If a DHF cell is driven with an active matrix, then there is a low-ohmic signal at the pixel during the line addressing time tz (typically 64 μsec). The pixel is then isolated until the next image (typically 40 ms). During this time the charge which has migrated to the pixel in the line addressing time is divided over the two capacities such that they are charged to the same voltage. If the resulting charge on Chx is sufficient to produce the required deformation there are no problems. This applies particularly if the characteristic time τ is many times shorter than tz (Chx is then charged up directly and Cs has no significance) and/or when the voltage used is so high that sufficient charge is stored on Chx after the voltage equalization.
Since τ becomes longer than permissible particularly at low temperatures, relatively high voltages must therefore be used. This is particularly so because Cs is much smaller than Chx. In order to bring sufficient charge on Cs (the majority flows to Chx on the charge equalization), a correspondingly higher charging voltage is therefore required.
High charging voltages are, however, not compatible with the active matrix technology. Driving methods which can reduce the required voltage are therefore preferable.
If a voltage source with the maximum voltage Uo is available, the charge Qo =Cs Uo is stored on the pixel with a very short driving time τo (Chx is not appreciably charged). After some time of τ, Qo has divided up over the two capacities. This cycle can be repeated several times (n times), with Chx always being charged up further. The total time during which a pixel is addressed is nτo. Since τo can be made very short, i.e. n τo <tz, the total time tz permissible for multiplexing is not exceeded and is simply distributed over a number of separate shorter times.
In order to ensure that a DHF cell operation is free from DC voltage, the driving polarity must change from image to image. Preferably, the pixel is therefore first discharged before the new information can be written in. This is done by means of pulses which are applied to a full line before the insertion of the data (grey scale values). Basically three variants of such pulses are suitable and are shown in FIGS. 2 to 4. These figures show respectively the applied voltage U and the charge Q on the pixel and four time slots 1-4. During the times before (time slot 1) and after (time slot 4) the driving the pixel is isolated, i.e. the voltage applied is not defined.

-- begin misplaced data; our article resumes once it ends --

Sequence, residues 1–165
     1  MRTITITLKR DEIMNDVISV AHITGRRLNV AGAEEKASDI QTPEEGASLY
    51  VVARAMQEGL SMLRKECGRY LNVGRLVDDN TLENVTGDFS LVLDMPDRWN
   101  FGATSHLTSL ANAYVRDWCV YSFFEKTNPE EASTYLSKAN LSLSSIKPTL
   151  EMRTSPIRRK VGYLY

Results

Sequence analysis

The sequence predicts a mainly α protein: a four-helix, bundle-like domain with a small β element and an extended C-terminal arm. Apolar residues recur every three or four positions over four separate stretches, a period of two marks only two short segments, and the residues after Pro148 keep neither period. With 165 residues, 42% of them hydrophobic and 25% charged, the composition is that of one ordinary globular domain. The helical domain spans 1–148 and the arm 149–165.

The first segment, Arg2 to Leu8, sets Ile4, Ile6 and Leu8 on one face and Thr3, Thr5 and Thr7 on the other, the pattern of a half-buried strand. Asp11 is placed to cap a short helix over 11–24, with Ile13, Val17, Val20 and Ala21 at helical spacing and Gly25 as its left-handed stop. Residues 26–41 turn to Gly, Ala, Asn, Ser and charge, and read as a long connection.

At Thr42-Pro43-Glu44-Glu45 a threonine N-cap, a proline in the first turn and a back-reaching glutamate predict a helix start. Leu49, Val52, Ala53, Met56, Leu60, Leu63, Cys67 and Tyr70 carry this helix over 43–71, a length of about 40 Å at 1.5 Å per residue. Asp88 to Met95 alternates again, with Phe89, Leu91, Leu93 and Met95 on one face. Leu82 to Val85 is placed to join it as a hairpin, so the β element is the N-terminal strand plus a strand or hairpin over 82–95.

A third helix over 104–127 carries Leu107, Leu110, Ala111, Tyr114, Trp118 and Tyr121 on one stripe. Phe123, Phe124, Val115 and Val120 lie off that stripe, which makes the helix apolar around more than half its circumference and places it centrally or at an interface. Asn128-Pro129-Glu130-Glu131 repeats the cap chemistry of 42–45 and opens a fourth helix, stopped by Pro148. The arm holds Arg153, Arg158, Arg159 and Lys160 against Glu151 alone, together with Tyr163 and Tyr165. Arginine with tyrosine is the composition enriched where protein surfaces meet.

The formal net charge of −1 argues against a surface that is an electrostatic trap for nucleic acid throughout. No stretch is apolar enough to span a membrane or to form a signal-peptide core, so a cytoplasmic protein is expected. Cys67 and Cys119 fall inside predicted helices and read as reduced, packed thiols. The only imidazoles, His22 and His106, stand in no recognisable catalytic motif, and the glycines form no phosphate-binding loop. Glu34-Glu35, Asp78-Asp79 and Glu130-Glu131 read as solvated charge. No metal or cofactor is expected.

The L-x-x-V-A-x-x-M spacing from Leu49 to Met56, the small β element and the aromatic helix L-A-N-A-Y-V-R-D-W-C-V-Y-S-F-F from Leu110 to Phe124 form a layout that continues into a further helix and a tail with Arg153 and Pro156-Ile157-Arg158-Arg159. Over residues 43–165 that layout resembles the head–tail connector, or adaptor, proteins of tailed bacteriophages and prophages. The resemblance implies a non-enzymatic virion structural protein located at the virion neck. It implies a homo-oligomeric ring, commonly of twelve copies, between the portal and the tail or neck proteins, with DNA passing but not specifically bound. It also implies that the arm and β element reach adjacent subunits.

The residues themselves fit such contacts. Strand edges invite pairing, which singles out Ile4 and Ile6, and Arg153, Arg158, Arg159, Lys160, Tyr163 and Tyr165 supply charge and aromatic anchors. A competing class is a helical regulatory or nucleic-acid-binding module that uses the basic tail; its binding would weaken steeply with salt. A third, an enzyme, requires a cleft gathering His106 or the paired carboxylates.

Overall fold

The pre-pulses shown at the bottom of FIG. 2 during time slot 2 discharge the pixel so that the data pulses during the time slot 3 only have to effect charging to the new grey scale value.
The pre-pulses during time slot 2 as shown at the bottom of FIG. 3 already pre-charge the pixel to a suitable value. The data pulses during time slot 3 then have to supply or discharge less charge. The data pulses have the same polarity as the pre-charging pulses. The pre-pulses shown in the middle and at the bottom of FIG. 4 during the time slot 2 charge the pixel to the maximum voltage. The data pulses during time slot 3 then discharge the pixel to the required grey scale value. This can be done in two ways: either (1) by amplitude modulation as in FIGS. 2 and 3, that is by pulses of different amplitudes (FIG. 4 centre), the full voltage swing from -Uo to Uo being utilizable, or (2) by pulse width modulation, that is by pulses of maximum voltage Uo but different pulse lengths (bottom of FIG. 4). With this type of driving, the polarity need not change in dependence on the grey scale value as with amplitude modulation.
Pre-pulses with maximum voltage saturate the pixel, and this reduces the risk of crosstalk from data information of other lines addressed during the pre-charging pulse.
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|1||*||Abstract corresponding to EP 0 309 774.|
|2||*||Abstract corresponding to EP 0 356 730.|
|3||*||F u nfschilling et al., Japanese Journal of Applied Physics, vol. 30, No. 4, p. 741 746, (Apr. 1991).|
|4||*||F u nfschilling et al., Journal of Applied Physics, 66(8), p. 3877 3882.|
|5||Funfschilling et al., Japanese Journal of Applied Physics, vol. 30, No. 4, p. 741-746, (Apr. 1991).|
|6||Funfschilling et al., Journal of Applied Physics, 66(8), p. 3877-3882.|
|7||*||Japanese Abstract vol. 18, No. 541, p. 1813.|
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|Citing Patent||Filing date||Publication date||Applicant||Title|
|US6329972 *||Apr 15, 1999||Dec 11, 2001||Samsung Sdi Co., Ltd.||Method for driving antiferroelectric liquid crystal display|
|U.S. Classification||345/97, 349/171|
|International Classification||G02F1/141, G02F1/133, G02F1/137, C09K19/02, G09G3/36, G09G3/20|
|Cooperative Classification||G09G3/3651, G09G3/3629, G09G3/2011, G09G2310/0251|
|European Classification||G09G3/36C8B, G09G3/36C6B|
|Apr 30, 2002||CC||Certificate of correction|
|May 11, 2004||FPAY||Fee payment|
Year of fee payment: 4
|Jun 30, 2008||REMI||Maintenance fee reminder mailed|
|Dec 19, 2008||LAPS||Lapse for failure to pay maintenance fees|
|Feb 10, 2009||FP||Expired due to failure to pay maintenance fee|
Effective date: 20081219